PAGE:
In a surprise move, the US Food and Drug Administration (FDA) has released a second draft guidance document regarding the distribution of scientific and medical publications, this time focusing on publications intended to convey risk information about drugs and biological products.
The guidance document is the second so-called "reprint" guidance released this year.
In February 2014, FDA released a similar guidance document, Distributing Scientific and Medical Publications on Unapproved New Uses - Recommended Practices, which lays out FDA's expectations on how companies can distribute literature regarding their products, including off-label use. In short, literature should be from reputable sources, not have been supported by the company, be scientifically sound and from an "adequate and well-controlled clinical investigation," and be accompanied by a bibliography containing all other known studies on the drug (including contradictory ones).
The guidance, however, has come under fire from some groups, including the Washington Legal Foundation (WLF), which have said FDA's guidance violates an existing court injunction as well as companies' First Amendment rights to free speech.
Both guidances are surprising—literally—because they were not included among the Center for Drug Evaluation and Research's (CDER) 2014 guidance agenda, which typically outlines all documents the agency is considering for release during the calendar year.
On Safety and Efficacy
The newest draft guidance, Distributing Scientific and Medical Publications on Risk Information for Approved Prescription Drugs and Biological Products—Recommended Practices, specifically concerns safety and risk information, FDA noted.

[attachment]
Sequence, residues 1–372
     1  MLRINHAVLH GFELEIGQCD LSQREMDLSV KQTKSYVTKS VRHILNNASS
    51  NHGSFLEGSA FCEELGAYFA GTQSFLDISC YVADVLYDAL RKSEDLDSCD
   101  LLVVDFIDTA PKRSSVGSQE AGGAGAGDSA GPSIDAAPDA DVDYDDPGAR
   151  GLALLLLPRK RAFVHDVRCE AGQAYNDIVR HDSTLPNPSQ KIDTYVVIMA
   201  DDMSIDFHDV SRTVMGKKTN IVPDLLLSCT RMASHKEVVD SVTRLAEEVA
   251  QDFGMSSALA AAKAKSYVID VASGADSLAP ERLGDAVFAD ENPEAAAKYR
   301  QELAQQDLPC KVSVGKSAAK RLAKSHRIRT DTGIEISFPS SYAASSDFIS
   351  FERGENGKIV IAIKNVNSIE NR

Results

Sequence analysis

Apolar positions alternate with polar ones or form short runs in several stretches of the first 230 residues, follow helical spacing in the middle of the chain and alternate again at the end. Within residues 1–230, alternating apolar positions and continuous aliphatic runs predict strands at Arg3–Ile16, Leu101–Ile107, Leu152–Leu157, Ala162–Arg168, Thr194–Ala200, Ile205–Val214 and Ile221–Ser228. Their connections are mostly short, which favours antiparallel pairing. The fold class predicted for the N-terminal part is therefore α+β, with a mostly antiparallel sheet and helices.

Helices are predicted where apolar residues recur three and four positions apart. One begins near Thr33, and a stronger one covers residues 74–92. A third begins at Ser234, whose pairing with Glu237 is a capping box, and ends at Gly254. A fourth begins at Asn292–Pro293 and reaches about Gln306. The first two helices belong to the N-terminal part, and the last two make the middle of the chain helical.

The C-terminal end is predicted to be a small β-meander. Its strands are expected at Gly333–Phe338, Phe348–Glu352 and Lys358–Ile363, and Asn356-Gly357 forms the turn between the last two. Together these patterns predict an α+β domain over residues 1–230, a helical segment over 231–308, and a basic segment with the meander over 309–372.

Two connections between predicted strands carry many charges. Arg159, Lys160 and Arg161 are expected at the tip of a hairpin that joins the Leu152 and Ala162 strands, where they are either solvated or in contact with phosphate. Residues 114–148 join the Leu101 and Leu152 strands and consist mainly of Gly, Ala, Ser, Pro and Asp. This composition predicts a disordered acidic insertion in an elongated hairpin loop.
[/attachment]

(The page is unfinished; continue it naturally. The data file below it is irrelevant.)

As explained by FDA:
"FDA recognizes that the safety profile of a drug evolves throughout its lifecycle as the extent of exposure to the product increases and that it can be helpful for health care practitioners to receive significant new risk information about an approved product in a timely manner. FDA anticipates that the earliest distribution of new risk information will generally involve distribution of recently published studies, as opposed to textbooks or clinical practice guidelines. Accordingly, FDA is providing guidance for firms that choose to distribute new risk information in the form of a reprint or digital copy of a published study."
While companies often extoll the benefits of drugs to medical professionals, they're often just as concerned about communicating the safety profile of their drug as well. As FDA notes in its guidance, that can include notifying medical professionals that a study had found a drug to have fewer adverse events than previously believed, or that the events are less serious than previously known.
Differing Standards between Safety and Efficacy
But effectiveness and safety are treated very differently by FDA, which has differing standards governing how information on each comes to be included in a drug's label.
For example, while efficacy data is generated from "adequate and well-controlled studies," safety data is instead generated from a wide range of data, including preclinical data.
"The [safety] assessment is based largely on observations of adverse events from studies intended to assess effectiveness and includes all patients exposed to the investigational drug during its development," FDA wrote in the draft guidance. Those observations are then turned into a "coherent assessment" of the risks and their association frequency and severity, FDA explained.
"The threshold for inclusion of an adverse event in approved human drug labeling is a determination that 'there is some basis to believe there is a causal relationship between the drug and the occurrence of the adverse event,'” FDA added, citing 21 CFR 201.57(c)(7).